FAQ on Strength-based approach
Q1. What are strengths and why are they important?
A strength can be many things - can be financial, emotional, spiritual, physical, intellectual, or social. It can be relationships, skills, time, attitude, energy, wisdom, values, or property. The key is to locate, develop, integrate, and enhance, existing strengths, being open to the possibilities.
Q2. What are strength-based approach?
In today's world many people focus almost entirely on what's wrong with them - their problems, their struggles, their stressors - and often lose sight of what is good and strong in them. Strengths-based approach in life will help your shift your focus from what's wrong to what's strong.
Q3. When does strength-based thinking begin?
Strength-based thinking begins when we are curious, we are more alive and engaged. By being curious, we use our strengths. We are connected and self-directed. Talk with your coach about creating a "curious" work and learning environment.
Q4. Is strength-based approach content or process?
Strength-based approach is both content and process. It is both science and art. Think about a time when someone really believed in you and saw your strengths.It could have been a teacher, a family member, or friend who recognized your unique gifts. How did their faith and expectations affect you? Did you feel more energized and excited about possibilities? Strength-based approach discovers the possibilities by emphasizing what is working right now.
Q.5 How do we shift from weakness to strengths?
Shifting from weakness to strengths is more than learning a new language. It is a different culture, thought process, and set of values and beliefs. From a strength-based paradigm there are programs and interventions that can be delivered to the individual; however, the primary emphasis is on groups, communities, and environments. The emphasis is also on building more than on eliminating.
Q6. What outcomes emerge from strength-based approaches?
- Collaboration (Team work)
- New working and learning strategies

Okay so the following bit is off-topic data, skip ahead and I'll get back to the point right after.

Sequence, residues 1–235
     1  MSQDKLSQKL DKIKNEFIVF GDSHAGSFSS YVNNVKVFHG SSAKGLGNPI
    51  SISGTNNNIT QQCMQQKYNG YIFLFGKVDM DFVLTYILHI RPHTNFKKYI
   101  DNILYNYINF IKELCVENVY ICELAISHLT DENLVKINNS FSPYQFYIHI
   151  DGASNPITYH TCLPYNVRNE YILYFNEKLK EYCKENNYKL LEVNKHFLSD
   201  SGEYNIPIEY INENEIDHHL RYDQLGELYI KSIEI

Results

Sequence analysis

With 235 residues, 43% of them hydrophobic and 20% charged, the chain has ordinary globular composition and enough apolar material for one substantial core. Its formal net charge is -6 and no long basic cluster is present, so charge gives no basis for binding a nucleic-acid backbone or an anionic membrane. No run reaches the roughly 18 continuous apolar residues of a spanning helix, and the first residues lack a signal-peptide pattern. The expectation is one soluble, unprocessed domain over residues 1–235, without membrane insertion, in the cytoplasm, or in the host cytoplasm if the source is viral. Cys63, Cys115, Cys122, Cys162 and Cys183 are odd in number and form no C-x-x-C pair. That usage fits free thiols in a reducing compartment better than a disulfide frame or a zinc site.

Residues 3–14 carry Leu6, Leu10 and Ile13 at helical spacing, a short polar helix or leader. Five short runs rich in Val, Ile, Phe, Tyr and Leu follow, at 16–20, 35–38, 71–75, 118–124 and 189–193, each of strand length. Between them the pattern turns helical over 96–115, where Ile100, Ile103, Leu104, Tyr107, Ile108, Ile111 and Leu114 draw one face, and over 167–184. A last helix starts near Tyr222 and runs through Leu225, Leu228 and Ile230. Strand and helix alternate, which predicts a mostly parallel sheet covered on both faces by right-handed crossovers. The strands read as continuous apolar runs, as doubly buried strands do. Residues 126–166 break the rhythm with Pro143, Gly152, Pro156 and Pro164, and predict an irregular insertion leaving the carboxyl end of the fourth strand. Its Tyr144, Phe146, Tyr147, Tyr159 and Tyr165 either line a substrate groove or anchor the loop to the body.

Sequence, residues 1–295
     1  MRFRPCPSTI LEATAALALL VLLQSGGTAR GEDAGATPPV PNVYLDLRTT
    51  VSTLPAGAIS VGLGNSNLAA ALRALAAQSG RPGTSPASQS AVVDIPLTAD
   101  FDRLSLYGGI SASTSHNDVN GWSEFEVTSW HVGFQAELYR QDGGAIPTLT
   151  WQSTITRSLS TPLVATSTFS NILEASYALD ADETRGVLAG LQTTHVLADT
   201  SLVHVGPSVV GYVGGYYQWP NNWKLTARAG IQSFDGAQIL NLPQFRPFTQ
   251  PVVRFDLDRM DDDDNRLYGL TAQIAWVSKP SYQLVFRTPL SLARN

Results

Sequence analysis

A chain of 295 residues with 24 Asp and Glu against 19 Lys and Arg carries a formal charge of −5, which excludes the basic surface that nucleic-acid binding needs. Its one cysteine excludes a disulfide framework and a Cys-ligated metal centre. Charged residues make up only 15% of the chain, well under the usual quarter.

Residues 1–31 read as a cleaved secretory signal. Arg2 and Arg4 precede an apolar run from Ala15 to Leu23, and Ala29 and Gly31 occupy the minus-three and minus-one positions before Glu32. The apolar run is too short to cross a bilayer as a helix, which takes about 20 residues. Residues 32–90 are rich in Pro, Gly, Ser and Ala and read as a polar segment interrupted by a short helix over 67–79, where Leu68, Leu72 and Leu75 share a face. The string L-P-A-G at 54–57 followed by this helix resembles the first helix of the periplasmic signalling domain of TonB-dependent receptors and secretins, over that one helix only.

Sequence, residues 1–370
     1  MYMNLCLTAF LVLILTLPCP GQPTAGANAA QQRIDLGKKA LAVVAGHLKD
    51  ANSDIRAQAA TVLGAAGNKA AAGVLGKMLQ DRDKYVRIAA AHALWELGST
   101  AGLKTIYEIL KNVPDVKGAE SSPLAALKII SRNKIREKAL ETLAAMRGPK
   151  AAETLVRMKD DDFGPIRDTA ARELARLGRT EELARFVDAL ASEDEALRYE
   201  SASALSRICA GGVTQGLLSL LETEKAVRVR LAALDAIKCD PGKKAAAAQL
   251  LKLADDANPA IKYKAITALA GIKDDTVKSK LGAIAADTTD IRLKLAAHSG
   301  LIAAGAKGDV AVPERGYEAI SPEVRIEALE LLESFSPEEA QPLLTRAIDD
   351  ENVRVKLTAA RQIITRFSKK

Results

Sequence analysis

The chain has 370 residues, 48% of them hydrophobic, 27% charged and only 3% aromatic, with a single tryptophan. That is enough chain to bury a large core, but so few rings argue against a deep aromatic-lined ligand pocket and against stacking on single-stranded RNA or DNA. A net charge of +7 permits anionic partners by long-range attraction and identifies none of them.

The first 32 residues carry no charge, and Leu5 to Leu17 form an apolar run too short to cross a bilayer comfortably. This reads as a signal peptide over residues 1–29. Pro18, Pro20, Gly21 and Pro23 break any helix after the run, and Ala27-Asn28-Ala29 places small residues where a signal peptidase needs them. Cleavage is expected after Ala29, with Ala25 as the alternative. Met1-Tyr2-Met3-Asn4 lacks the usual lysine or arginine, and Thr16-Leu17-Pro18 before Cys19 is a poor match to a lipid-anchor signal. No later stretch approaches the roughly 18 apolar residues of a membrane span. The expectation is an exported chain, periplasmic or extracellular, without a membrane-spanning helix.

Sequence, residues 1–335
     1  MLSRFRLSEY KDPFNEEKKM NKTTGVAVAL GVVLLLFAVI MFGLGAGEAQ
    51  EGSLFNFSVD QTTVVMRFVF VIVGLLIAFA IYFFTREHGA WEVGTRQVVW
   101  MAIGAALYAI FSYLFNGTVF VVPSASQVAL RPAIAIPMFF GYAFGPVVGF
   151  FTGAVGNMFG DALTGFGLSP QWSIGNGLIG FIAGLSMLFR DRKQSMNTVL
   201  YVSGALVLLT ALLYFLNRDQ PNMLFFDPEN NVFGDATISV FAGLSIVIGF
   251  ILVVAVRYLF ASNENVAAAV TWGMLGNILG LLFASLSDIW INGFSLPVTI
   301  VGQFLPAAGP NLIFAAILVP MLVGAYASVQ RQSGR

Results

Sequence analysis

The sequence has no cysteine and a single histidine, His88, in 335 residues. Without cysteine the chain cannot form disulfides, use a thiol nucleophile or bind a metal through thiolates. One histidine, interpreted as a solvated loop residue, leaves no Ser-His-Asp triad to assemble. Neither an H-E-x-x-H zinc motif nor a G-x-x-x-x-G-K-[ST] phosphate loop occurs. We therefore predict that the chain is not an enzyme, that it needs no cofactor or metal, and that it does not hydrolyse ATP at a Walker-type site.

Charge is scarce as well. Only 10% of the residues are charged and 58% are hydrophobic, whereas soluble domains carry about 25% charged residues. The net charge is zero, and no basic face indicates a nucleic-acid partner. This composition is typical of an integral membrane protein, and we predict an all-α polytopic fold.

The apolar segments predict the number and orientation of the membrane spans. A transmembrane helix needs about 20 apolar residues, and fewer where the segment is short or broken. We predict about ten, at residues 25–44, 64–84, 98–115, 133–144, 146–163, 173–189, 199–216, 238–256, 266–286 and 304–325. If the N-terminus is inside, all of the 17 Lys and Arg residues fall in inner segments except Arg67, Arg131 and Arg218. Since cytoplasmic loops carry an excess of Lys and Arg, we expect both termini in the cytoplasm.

- Energy and increased enthusiasm
- A new sense of joy
- Clarity of purpose
- System-wide thinking
- Identifying resources and information
- Clarifying values
- Confirming personal and professional direction
- Creativity and passion
- Mutually shared respect, support, and trust
- Intrinsic personal growth awakening
- Unbridled creativity
- Sense of accomplishment
- Self-satisfaction and contribution
- New roles, new possibilities
Q7. What are strength-based coaching and training objectives?
Strength-based coaching and training is based on several objectives. The objectives below should be viewed as conversation starters. In the spirit of client driven change, you are encouraged to talk with coach/trainer about how these objectives can be implemented in your session.
- Emphasize strengths over weaknesses
- Identify, amplify, and develop client strengths
- Engage client around their strengths
- Create a coaching/learning environment based on strengths
- Frame client problems around strengths
Q8. Is strength-based approach just about making people happy?
"Happiness" is commonly defined as a state of well being or pleasurable experience, but this notion of happiness is only a small part of strength-based approach. Positive psychology is the scientific study of the strengths and virtues that enable individuals and communities to thrive. Deploying one's strengths in the service of something larger than oneself can lead to the meaningful life (e.g., belonging to and serving institutions such as education, free press, religion, democracy, and family, to name a few).